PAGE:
LVS Oxford's learners were the stars of the show at a special Celebration of Achievement ceremony last month.
The school held its first ever Celebration of Achievement and Sixth Form Prom in the grand setting of a marquee which had been erected especially for it and the school’s official Royal opening with The Countess of Wessex on 19th May. The celebration was a commemoration of the fine progress school’s 48 learners have made at the school in the past year.
The celebration saw parents, staff and learners come together as Sarah Sherwood, Director of SEN at LVS Oxford and LVS Hassocks, presented trophies for a number of worthy efforts such as the Outstanding Contribution to Charity Award to Dan for raising £190 for Sports Relief. Despite communication difficulties and hypersensitivity to sound, Dan summoned up the courage to make a public announcement in the busy Ladygrove Church in Didcot, asking people to sponsor him, and collected donations himself. His dad Hugh said: “The communication and interaction were a bigger challenge for him than the run. I think the church realised that and wanted to honour him for his courage”.
The Occupational Therapy Award went to Craig Harris, who has shown great determination to overcome barriers to increase his attendance, having been out of school for three years prior to joining LVS Oxford but now embracing opportunities and engaging well. His mum Debbie said: “The therapy team at LVS Oxford has been amazing and I don’t know where we would be without them. Craig is now part of the family again whereas before he was alienated”.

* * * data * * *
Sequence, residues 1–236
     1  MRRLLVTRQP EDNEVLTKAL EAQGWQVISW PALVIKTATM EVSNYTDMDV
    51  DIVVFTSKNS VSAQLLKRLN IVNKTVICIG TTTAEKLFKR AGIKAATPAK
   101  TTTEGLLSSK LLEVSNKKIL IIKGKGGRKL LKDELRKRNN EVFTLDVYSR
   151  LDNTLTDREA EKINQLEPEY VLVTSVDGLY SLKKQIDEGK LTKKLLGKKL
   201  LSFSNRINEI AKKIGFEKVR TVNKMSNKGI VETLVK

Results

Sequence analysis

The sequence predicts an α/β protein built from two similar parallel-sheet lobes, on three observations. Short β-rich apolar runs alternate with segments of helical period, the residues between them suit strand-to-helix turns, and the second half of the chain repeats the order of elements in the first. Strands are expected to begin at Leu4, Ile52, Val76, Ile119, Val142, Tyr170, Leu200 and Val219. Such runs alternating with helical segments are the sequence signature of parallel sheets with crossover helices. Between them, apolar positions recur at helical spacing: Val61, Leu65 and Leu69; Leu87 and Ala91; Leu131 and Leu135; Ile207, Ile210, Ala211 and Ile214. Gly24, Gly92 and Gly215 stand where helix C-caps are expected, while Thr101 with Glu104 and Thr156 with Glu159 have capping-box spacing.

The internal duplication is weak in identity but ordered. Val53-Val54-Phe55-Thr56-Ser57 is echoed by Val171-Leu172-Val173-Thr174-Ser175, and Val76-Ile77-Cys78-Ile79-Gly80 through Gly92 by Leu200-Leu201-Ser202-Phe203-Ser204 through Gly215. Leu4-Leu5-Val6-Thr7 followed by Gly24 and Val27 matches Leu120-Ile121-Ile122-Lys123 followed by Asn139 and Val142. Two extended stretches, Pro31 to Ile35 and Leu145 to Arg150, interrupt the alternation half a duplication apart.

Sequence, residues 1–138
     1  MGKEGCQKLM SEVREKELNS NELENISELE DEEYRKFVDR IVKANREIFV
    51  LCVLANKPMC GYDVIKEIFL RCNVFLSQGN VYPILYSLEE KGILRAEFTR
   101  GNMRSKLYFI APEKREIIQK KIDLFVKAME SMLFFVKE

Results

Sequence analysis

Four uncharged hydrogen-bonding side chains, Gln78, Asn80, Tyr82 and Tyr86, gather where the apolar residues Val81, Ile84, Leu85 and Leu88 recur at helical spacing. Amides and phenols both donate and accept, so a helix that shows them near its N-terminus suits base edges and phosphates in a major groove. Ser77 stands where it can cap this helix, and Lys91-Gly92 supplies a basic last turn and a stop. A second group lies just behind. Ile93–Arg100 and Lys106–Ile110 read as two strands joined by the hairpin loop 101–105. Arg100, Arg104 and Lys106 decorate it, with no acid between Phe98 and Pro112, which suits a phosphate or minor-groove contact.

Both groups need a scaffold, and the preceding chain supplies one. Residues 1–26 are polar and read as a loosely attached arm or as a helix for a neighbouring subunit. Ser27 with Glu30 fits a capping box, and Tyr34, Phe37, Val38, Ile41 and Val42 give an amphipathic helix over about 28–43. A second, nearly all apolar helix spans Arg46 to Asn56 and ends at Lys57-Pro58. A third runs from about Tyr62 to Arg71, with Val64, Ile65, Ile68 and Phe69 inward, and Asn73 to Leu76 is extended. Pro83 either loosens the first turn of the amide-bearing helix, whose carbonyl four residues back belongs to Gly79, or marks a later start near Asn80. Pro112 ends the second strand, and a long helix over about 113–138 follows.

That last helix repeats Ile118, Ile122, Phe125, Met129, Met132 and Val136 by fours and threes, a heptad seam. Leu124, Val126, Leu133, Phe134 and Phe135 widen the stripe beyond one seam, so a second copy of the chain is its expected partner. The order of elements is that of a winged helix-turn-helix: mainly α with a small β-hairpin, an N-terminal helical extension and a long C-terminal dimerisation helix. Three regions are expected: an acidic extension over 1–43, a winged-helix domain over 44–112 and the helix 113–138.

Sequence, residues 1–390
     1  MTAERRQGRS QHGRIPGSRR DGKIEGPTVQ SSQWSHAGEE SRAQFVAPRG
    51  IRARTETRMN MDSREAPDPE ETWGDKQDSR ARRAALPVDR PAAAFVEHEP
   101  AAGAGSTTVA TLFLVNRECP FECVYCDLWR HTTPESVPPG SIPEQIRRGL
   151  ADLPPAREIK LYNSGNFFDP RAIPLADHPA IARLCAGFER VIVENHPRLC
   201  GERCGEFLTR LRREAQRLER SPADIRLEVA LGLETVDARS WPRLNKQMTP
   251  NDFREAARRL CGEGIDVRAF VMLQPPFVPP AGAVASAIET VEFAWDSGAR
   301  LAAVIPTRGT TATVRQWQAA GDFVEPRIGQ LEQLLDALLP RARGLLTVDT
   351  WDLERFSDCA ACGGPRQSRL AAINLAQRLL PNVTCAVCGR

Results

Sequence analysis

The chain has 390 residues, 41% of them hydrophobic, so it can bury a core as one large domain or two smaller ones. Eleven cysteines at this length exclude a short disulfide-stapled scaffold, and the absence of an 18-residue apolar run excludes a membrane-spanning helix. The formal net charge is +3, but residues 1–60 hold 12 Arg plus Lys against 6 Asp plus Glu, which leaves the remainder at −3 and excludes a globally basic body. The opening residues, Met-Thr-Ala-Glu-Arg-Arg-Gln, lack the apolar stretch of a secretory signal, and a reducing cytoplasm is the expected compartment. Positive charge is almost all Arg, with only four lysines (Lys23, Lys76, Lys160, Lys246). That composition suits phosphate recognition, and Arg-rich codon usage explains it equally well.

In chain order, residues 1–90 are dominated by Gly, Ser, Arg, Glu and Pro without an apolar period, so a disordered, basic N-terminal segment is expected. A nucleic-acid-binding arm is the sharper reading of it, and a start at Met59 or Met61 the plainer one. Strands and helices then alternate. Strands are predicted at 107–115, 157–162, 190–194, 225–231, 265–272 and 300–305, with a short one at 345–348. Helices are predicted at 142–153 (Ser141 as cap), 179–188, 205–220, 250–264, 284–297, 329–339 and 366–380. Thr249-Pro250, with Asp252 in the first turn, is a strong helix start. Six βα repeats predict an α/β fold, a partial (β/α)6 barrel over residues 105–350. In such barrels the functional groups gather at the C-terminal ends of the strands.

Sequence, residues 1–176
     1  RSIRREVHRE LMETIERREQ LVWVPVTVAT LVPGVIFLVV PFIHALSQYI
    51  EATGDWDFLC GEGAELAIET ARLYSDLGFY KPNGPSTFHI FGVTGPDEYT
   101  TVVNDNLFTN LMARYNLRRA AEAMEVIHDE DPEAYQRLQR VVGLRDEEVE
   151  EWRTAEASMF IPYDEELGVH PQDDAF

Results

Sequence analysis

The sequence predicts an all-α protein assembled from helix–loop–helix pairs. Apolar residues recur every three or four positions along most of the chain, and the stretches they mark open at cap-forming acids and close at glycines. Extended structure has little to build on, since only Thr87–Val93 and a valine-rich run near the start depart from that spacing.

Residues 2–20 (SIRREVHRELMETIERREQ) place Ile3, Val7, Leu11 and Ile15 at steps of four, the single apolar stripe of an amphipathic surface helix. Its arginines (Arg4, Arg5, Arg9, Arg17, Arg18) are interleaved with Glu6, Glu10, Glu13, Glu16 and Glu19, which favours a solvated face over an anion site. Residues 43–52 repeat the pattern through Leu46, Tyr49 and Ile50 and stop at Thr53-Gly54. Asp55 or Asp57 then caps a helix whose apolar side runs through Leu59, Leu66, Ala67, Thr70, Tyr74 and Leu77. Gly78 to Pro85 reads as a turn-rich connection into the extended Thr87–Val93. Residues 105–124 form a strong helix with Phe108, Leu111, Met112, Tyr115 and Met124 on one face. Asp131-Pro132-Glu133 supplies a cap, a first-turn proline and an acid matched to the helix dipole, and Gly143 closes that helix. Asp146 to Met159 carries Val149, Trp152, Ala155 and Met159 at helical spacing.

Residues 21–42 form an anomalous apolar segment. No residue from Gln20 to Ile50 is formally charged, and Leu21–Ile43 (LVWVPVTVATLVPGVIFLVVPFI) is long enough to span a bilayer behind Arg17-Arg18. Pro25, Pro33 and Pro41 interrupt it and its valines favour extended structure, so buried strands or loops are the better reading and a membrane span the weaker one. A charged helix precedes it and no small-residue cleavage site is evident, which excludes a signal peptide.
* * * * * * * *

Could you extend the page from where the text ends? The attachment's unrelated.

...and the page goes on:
The Drama Award went to Eddie Dancer, whose fine performances in LVS Oxford drama added to his excellent show at London’s international Autism’s Got Talent extravaganza in front of 600 people, whilst Peter Davies won the Home Cooking Award for his independent work in one of the four new vocational BTEC qualifications the school has recently begun.
The largest award of the night, for Outstanding Achievement, went to Ben Neesome for becoming an excellent role model for LVS Oxford in less than a year at the school, resulting in him moving up early to sixth form to continue his rapid development.
Head of Centre Louisa Allison-Bergin said: “Our Celebration of Achievement was a new but important addition to what we do at LVS Oxford. We are developing so much talent and ability in our young adults with autism, be it through academic progress, independent living skills or preparing them for careers beyond the school. Another vital aspect is social and emotional wellbeing and this event has not only given learners the confidence to keep on improving but has also helped them become role models for each other and inspire each other”.
You can view an album of images from a memorable day here.
Current research shows that only 15% of young people with an autism spectrum diagnosis are in sustained, full-time employment and we are passionate about changing that statistic.